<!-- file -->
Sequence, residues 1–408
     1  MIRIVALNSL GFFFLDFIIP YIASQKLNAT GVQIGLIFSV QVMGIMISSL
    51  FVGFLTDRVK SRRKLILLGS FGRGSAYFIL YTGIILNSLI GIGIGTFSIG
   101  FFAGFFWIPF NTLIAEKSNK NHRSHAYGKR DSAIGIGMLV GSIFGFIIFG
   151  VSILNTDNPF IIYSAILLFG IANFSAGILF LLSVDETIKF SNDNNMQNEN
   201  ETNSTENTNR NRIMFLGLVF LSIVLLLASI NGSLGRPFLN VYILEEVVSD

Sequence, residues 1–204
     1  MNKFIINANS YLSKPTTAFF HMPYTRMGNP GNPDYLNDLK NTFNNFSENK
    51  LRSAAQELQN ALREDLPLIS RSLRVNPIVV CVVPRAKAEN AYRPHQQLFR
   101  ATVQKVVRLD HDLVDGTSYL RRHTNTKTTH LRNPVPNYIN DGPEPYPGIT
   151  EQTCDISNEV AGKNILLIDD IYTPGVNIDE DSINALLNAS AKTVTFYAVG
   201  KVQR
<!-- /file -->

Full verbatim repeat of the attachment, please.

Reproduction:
Sequence, residues 1–408
     1  MIRIVALNSL GFFFLDFIIP YIASQKLNAT GVQIGLIFSV QVMGIMISSL
    51  FVGFLTDRVK SRRKLILLGS FGRGSAYFIL YTGIILNSLI GIGIGTFSIG
   101  FFAGFFWIPF NTLIAEKSNK NHRSHAYGKR DSAIGIGMLV GSIFGFIIFG
   151  VSILNTDNPF IIYSAILLFG IANFSAGILF LLSVDETIKF SNDNNMQNEN
   201  ETNSTENTNR NRIMFLGLVF LSIVLLLASI NGSLGRPFLN VYILEEVVSD

Sequence, residues 1–204
     1  MNKFIINANS YLSKPTTAFF HMPYTRMGNP GNPDYLNDLK NTFNNFSENK
    51  LRSAAQELQN ALREDLPLIS RSLRVNPIVV CVVPRAKAEN AYRPHQQLFR
   101  ATVQKVVRLD HDLVDGTSYL RRHTNTKTTH LRNPVPNYIN DGPEPYPGIT
   151  EQTCDISNEV AGKNILLIDD IYTPGVNIDE DSINALLNAS AKTVTFYAVG
   201  KVQR